Town enforces sewer rules

By Susan Mustapich | Aug 13, 2019
Photo by: Susan Mustapich Civil court actions are underway to enforce inspections of all properties connected to the town sewer system.

CAMDEN — The Select Board has authorized Wastewater Superintendent David Bolstridge and town attorney Bill Kelly to prosecute several property owners who have refused to allow inspections for possible infiltration of storm water into the sewer system for violations of the town's sewer use ordinance.

The purpose of the inspections is to ensure that sump pumps, basement drains and gutters are not channeling storm water into the sewer treatment system. During heavy storms and snow melt, storm water in the sewer lines can overflow wastewater treatment systems, and release sewage into Camden Harbor.

Town Manager Audra Caler-Bell said Aug. 13 that civil lawsuits are being prepared against three property owners. The fine for each day of violation of the town's sewer ordinance is set by state law, and ranges from $100 to $2,500. Since the Select Board authorized action against four property owners Aug. 6, one has come forward and set up an inspection, according to Caler-Bell.

While there are 22 property owners who have failed to schedule inspections, Kelly has advised that legal action begin with a small number of property owners, according to Caler-Bell.

"The town is sending a strong message that it intends to enforce its sewer ordinance," she said. "The first step is allowing the town to do the inspections."

She emphasized that the wastewater department and the town have made every effort to contact property owners to schedule the inspections, and the civil lawsuits are the last resort.

Bolstridge announced at a July Select Board meeting that the town of Camden will face legal sanctions from the Maine Department of Environmental Protection if sewage overflows into the harbor continue.

He explained that despite progress over the past six years, the sewer system still has overflows at Sea Street and at the Bay View pump station during big rain events or snow melt. These overflows are monitored by DEP, which wants a closure date, at which point Camden's wastewater system will no longer have overflow violations. DEP is preparing an agreement with the town, which will set milestones for the town to achieve by certain dates. The agreement then becomes a court order called a "consent decree."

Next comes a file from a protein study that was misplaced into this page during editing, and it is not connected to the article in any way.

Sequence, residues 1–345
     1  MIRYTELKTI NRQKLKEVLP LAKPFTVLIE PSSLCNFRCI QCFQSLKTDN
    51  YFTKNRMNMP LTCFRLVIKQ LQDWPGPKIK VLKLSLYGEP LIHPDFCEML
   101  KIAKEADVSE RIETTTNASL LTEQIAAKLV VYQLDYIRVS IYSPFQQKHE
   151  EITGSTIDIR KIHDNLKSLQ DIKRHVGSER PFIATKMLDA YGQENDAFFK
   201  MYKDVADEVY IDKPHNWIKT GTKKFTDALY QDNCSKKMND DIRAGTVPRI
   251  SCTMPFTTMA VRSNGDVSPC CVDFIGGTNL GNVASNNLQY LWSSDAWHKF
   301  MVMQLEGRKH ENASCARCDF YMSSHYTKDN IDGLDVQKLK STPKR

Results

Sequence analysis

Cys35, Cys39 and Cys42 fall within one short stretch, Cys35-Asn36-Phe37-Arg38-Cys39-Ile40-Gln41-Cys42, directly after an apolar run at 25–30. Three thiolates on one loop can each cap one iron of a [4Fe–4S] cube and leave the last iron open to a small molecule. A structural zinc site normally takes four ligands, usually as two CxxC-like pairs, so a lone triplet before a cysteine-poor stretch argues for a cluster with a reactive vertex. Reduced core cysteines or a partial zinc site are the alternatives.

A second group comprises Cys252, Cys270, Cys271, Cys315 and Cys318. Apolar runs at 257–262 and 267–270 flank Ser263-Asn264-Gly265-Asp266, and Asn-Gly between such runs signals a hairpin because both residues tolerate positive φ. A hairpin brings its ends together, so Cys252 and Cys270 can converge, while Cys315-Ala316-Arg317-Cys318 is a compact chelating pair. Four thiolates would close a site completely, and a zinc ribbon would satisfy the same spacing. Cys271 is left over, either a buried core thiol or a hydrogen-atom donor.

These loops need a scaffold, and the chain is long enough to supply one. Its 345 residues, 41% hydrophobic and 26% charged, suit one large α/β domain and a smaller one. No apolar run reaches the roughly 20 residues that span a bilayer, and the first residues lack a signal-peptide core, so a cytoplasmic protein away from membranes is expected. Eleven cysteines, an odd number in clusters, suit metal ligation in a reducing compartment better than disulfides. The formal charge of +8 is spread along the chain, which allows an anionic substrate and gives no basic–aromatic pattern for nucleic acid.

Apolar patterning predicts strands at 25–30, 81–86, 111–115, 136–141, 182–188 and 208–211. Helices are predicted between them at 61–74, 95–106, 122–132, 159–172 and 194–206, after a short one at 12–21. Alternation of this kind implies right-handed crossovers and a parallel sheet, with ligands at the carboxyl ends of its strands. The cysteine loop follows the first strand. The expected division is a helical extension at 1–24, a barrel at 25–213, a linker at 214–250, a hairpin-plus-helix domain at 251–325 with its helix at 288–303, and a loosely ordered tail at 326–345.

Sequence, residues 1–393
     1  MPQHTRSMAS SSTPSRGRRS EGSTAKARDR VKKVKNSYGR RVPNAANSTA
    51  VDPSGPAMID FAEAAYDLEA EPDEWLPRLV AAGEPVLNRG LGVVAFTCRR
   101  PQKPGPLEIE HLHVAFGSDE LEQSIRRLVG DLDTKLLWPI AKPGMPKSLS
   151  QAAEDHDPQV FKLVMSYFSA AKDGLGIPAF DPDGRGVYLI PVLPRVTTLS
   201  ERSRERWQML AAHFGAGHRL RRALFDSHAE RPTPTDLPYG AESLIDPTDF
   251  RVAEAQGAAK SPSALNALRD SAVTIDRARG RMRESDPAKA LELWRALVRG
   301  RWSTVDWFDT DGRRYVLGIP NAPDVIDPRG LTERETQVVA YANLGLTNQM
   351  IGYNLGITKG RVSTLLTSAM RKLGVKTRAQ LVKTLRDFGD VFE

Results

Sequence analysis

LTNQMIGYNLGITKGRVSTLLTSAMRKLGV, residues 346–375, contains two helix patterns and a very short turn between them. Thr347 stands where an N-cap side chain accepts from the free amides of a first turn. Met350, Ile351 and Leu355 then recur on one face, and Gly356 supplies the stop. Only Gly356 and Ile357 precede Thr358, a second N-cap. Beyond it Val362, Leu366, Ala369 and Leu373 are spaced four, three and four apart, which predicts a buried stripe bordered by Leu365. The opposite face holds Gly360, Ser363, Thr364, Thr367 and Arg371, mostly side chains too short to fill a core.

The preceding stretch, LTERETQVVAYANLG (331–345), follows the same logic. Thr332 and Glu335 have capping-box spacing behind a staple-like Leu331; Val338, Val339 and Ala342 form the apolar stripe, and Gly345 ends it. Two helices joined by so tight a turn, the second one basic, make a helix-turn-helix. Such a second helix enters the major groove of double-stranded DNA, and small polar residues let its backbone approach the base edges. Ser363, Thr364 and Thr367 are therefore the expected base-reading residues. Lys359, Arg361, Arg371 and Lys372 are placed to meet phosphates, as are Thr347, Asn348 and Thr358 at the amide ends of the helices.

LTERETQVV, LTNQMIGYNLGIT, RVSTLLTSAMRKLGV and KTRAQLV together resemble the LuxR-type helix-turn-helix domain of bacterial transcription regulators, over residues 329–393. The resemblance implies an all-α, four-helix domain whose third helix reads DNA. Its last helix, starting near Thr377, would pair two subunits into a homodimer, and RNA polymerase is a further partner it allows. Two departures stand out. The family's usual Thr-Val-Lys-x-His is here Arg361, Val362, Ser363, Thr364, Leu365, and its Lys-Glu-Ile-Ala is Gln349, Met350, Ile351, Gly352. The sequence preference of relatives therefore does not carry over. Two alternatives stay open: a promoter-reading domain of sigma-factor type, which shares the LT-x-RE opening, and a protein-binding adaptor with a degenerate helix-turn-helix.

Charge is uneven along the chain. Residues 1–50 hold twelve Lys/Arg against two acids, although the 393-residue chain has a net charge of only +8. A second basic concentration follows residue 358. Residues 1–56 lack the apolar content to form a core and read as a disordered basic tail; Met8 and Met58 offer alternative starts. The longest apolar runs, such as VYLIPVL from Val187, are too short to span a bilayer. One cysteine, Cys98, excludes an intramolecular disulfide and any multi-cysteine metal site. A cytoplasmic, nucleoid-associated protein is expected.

At the Aug. 6 Select Board meeting, Bolstridge explained that the town's effort to inspect every residential and commercial property connected to the sewer system began in the summer of 2015.

Chairman Bob Falciani recapped the history of the town's efforts to schedule the inspections, even sending multiple written notices, including by registered mail. Newspaper advertisements, public meetings and numerous news articles have publicized the issue.

Federal funding for wastewater treatment plant approved

Camden has been approved for a $14 million grant by the U.S. Department of Agriculture Rural Development Office for upgrades to its wastewater treatment plant, as well as a $12.5 million loan with a 2.5 percent interest rate for 30 years.

Falciani clarified that the town will pay for the plant upgrade with a bond anticipation note, with the federal grant and loan to be received when construction is completed. Caler-Bell said the town has issued a Request for Proposals for the financing in anticipation of the Rural Development money to every financial institution that has a branch in Camden, as well as others the town has done business with in the past.

In June 2018, voters authorized the Select Board to bond $13.9 million for the wastewater treatment plant upgrade. Much of the plant's equipment is 50 years old. Electrical and mechanical systems and components are obsolete, and parts required to fix them are no longer carried by manufacturers. The upgrade will increase efficiency, bring the plant into compliance with safety and code regulations and allow autonomous operation. The project includes upgrades to the Washington Street and Norumbega Drive pump stations and replacement of a sewer main on Sea Street. The tax impact of the  $13.9 million upgrade is estimated to be 54 cents per $1,000 of property valuation.

Comments (2)
Posted by: T A Schwab | Aug 14, 2019 12:10

Starting with a few people might move the other owners to allow the inspection.

Posted by: Dale E. Landrith Sr. | Aug 13, 2019 15:36

There is certainly nothing wrong with enforcing the wastewater ordinance.  However, the above sounds much like selective enforcement.  If you are going after offenders go after all of them.

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